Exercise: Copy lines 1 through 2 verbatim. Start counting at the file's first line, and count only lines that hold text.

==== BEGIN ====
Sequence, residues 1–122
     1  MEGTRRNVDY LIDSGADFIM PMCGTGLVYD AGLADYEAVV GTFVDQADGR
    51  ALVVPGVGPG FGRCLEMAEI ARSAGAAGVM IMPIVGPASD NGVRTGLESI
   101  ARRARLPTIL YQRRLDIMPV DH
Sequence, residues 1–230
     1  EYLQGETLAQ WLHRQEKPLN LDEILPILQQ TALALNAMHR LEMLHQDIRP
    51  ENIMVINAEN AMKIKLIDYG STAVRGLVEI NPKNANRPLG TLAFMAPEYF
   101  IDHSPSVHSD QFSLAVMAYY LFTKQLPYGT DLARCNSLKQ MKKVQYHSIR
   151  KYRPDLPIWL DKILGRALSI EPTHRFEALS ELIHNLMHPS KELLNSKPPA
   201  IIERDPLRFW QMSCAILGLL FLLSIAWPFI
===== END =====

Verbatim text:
Sequence, residues 1–122
     1  MEGTRRNVDY LIDSGADFIM PMCGTGLVYD AGLADYEAVV GTFVDQADGR